The exemplary life’s work of each of this year’s four Crittenden County Distinguished Alumni inducted last month involves careers in justice, technology research, broadcasting and business. This year’s inductees Judge Jerry Brown and Dr. Andrew Mason exemplify the very best of ambition, drive and hard work. Posthumous inductees Bob Swisher and Juanita Burks each shared a lifetime of contributions already recorded in history. All were recognized at a private luncheon May 27 and again at commencement ceremonies at Rocket Arena.
Burks blazed trail for minority women in business
By DARYL K. TABOR, THE CRITTENDEN PRESS
Juanita Burks embodied all the traits that made her generation the greatest of all American generations – hard work, dedication, perseverance and self-sacrifice. For that, and her success as a pioneering Louisville businesswoman, the Marion native is being honored posthumously Friday as the first minority inductee as a Crittenden County Distinguished Alumnus.
“She had to catch a ride on a slop truck,” said her son Ish Burks, a retired Army colonel, former Kentucky State Police Commissioner and current academic coordinator for the criminal justice department at Jefferson Community & Technical College in Louisville.
Marion High School was not integrated until 1955, long after Juanita had started a new life and family in Louisville. But she never let the separate and unequal opportunities for blacks in that era become a barrier to success later in life. And her son said the family was never allowed to dwell on issues of discrimination.
“They understood,” Ish said of his mother and father, for whom he was named. “Those were the times we lived in. They never showed any sense of bitterness.”
Ish said his mom enjoyed her life growing up in Crittenden County. Though he was born in Louisville, Ish, 71, would spend his summers as a youth in Marion with his grandparents, Allen and Donna Farley. He, too, has only fond recollections of Marion.
After graduating high school, Juanita attended the historically black Kentucky State University in Frankfort, but things did not work out. She married and moved to Louisville, and like so many other women during World War II, she went to work in a munitions factory. For a period, she worked as a domestic and even an elevator operator to help put all three of her children through college.
That’s just what good parents do, said Ish, who plans to attend Friday’s Distinguished Alumni luncheon at Rocket Arena.
“They always wanted more for their family,” he said of his parents. “They always made sure we had good things.”
After putting her last child through college, Juanita herself returned to the halls of higher education, taking business courses at the University of Louisville, where she would later serve on the board of trustees. She parlayed that education into a series of successful ventures around Louisville. Most notably, at the age of 60, she founded J.P. Burks Construction, which won contracts for work at iconic Louisville sites.
“Over 20 years later, she continued to work 12-hour days. Her company supplied glass for the expansion of the south wing of the Kentucky Fair and Exposition Center and was awarded a $193,000 contract to supply sprinklers for the renovation of Churchill Downs,” her entry in “The Kentucky African American Encyclopedia” reads.
Six years before establishing her construction company, Juanita and Ishmon Sr. mortgaged their home and took out a federal small business loan in order to open a personnel recruitment service that paired minority workers with Fortune 500 companies. “Her later business ventures included a nursing business, an alcoholic beverage distributorship, a stop-smoking center and a shoe store," her encyclopedia entry continues.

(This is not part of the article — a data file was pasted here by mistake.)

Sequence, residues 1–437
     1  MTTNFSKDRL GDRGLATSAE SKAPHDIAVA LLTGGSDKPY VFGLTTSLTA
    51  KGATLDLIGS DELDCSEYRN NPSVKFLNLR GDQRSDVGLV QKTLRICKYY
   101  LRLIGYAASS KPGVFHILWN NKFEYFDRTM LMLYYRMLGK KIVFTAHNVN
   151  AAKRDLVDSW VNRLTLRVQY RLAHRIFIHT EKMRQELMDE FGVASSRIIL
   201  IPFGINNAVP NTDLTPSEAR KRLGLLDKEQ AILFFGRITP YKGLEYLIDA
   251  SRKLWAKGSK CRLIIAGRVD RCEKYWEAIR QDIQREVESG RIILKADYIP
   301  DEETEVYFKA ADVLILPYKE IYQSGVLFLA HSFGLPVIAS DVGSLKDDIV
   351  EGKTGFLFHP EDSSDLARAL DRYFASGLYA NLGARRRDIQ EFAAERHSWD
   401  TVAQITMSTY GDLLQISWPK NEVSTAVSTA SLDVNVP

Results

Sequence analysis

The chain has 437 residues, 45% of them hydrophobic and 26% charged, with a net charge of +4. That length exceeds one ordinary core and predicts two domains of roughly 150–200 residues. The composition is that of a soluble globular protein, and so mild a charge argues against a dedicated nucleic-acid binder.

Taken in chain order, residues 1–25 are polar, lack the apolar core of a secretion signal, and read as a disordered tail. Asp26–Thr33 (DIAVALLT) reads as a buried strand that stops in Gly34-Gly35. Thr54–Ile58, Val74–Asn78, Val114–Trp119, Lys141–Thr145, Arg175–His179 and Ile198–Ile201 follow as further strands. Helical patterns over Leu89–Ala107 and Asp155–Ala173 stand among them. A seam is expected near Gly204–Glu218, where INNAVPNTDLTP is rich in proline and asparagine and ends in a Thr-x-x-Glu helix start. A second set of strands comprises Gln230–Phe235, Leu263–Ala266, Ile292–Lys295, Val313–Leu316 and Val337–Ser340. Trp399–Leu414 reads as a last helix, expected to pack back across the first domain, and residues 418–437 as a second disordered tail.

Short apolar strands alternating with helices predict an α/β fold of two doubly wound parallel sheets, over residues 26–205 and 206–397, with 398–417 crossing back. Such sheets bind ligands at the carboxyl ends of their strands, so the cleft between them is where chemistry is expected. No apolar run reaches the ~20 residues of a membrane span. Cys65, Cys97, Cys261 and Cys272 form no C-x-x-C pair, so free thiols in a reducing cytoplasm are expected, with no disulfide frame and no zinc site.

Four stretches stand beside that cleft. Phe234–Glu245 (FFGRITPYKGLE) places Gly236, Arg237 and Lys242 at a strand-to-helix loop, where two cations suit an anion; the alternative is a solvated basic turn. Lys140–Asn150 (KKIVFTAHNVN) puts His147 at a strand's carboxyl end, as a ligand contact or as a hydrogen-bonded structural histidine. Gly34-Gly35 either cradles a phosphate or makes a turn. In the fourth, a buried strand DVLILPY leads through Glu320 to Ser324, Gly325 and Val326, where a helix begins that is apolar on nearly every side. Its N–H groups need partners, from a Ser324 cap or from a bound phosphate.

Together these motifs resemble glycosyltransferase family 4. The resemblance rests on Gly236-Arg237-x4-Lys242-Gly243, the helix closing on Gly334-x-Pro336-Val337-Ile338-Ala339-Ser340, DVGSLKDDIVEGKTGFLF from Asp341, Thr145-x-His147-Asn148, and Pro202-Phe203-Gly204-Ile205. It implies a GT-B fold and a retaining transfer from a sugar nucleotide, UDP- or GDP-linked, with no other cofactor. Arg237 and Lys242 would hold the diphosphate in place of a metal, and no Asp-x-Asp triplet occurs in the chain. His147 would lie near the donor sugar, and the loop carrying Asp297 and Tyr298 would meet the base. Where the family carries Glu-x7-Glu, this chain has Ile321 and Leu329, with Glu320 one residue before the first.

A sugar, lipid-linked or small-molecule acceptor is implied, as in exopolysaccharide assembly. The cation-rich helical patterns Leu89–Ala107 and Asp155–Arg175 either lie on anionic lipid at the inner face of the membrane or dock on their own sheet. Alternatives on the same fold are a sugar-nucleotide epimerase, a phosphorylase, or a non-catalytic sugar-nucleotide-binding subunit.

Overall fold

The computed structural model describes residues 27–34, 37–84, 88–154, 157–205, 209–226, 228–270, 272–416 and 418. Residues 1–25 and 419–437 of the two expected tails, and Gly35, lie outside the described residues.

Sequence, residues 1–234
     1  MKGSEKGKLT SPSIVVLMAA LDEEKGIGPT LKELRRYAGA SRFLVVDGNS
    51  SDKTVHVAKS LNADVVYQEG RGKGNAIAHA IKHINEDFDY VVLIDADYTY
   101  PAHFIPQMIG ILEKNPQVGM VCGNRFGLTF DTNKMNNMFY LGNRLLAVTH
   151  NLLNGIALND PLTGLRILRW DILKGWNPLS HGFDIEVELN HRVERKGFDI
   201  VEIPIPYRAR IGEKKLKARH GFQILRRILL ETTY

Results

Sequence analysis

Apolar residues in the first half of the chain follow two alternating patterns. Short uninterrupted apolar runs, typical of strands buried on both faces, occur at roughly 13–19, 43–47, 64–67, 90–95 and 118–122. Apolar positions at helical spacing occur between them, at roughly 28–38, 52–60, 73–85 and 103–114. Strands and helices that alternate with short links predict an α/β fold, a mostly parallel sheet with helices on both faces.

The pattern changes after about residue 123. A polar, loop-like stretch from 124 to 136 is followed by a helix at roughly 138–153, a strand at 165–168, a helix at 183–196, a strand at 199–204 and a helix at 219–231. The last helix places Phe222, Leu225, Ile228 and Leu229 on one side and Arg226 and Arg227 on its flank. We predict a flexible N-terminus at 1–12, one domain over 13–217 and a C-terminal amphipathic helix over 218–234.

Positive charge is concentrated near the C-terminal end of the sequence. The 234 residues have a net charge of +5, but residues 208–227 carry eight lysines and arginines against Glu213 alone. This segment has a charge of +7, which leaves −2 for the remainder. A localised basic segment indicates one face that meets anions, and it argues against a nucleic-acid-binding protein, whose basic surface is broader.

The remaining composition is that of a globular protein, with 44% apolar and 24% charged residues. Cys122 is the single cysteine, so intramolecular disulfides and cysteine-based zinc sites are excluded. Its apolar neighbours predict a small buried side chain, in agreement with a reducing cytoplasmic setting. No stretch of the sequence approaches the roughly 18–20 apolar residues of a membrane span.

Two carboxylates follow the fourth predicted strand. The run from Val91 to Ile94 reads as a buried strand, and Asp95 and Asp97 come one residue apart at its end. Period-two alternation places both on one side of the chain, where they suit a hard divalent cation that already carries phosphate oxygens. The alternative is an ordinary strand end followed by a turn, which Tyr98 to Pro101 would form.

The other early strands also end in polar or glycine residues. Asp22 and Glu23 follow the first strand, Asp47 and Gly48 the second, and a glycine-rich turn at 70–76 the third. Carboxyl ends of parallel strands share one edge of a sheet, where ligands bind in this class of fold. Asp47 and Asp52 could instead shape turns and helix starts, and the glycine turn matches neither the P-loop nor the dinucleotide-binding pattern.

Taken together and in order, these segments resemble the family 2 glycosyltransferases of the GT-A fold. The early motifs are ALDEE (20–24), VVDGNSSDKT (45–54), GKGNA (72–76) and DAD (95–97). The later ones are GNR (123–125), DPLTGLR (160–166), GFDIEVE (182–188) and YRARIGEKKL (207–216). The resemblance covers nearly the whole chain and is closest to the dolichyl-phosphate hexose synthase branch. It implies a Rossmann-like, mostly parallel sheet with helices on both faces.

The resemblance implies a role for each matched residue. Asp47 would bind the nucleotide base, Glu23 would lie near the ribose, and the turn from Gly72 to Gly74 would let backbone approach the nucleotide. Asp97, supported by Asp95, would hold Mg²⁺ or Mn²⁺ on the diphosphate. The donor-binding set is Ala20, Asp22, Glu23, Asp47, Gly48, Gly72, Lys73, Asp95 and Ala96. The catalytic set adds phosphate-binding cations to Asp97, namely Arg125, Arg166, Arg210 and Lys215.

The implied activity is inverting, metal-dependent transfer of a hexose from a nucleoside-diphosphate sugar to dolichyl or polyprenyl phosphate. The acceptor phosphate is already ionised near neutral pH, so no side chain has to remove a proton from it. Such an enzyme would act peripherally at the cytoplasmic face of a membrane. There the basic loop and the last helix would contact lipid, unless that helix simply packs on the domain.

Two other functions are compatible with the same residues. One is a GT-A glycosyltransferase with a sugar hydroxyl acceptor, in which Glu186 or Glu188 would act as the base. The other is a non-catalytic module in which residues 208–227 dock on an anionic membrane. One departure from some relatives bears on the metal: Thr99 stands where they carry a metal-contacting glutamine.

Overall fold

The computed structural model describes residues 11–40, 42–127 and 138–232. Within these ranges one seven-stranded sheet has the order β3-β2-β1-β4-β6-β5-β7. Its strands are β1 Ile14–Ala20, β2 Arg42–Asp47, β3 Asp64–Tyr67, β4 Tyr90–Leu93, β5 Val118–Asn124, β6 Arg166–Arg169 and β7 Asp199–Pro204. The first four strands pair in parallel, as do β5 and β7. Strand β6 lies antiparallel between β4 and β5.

She even sold insurance door-to-door.
“It takes a certain knack to do that,” Ish said with a chuckle.
Juanita was appointed by Gov. Julian Carroll in the late 1970s to President Jimmy Carter’s energy board. She earned the Woman of Achievement award from the Business and Professional Women of River City in 1983, became a member of the Prichard Committee for Academic Excellence, raised diabetes awareness and at 76, was named the 1996 Kentucky Entrepreneur of the Year.
In her mid-80s, her Encyclopedia entry tells, Juanita claimed, “As long as I got breath in my body I’m going to be doing something.”
“We had to literally pull her out of her office (to get her to retire),” Ish added.
The son said he is most proud of the work ethic his mother exhibited and instilled in her three children.
“I’m 71 and still working full time,” he added. “I’m only doing what I saw. I’m very thankful for those values.”
Ish said his mother’s impact lives on today, two years after her death.
“I cannot walk down the street that somebody doesn’t stop me – primarily black people – and ask if I’m her son,” he explained. “They’ll tell me, ‘Your mother helped me so much. She was such an inspiration.’ I get it all the time.”
What is the Distinguished Alumni honor?
The Crittenden County Distinguished Alumni honor was created in 2010 as a means to recognize accomplished men and women who earned their public education in Crittenden County schools. Recipients of the award must have completed their education at Crittenden County High School or one of the other secondary schools that once existed in the county. Special consideration is given to individuals for whom a high school education was not available here at the time. Selections for the Distinguished Alumni honor are determined by educational, professional and community service accomplishments.
Previous winners are:
- Kenneth Winters
- Albert Michael Crider
- Forrest Carlisle Pogue*
- F. Julius Fohs*
- Ollie M. James*
- Scott Campbell
- Trish Milburn
- Jim Hatfield*
- Johnny Rushing
- Jeff McKenney
- David Newcom
- Helen Moore
- C.S. "Clem" Nunn*
- W.A. Franklin
- Stephanie Kelly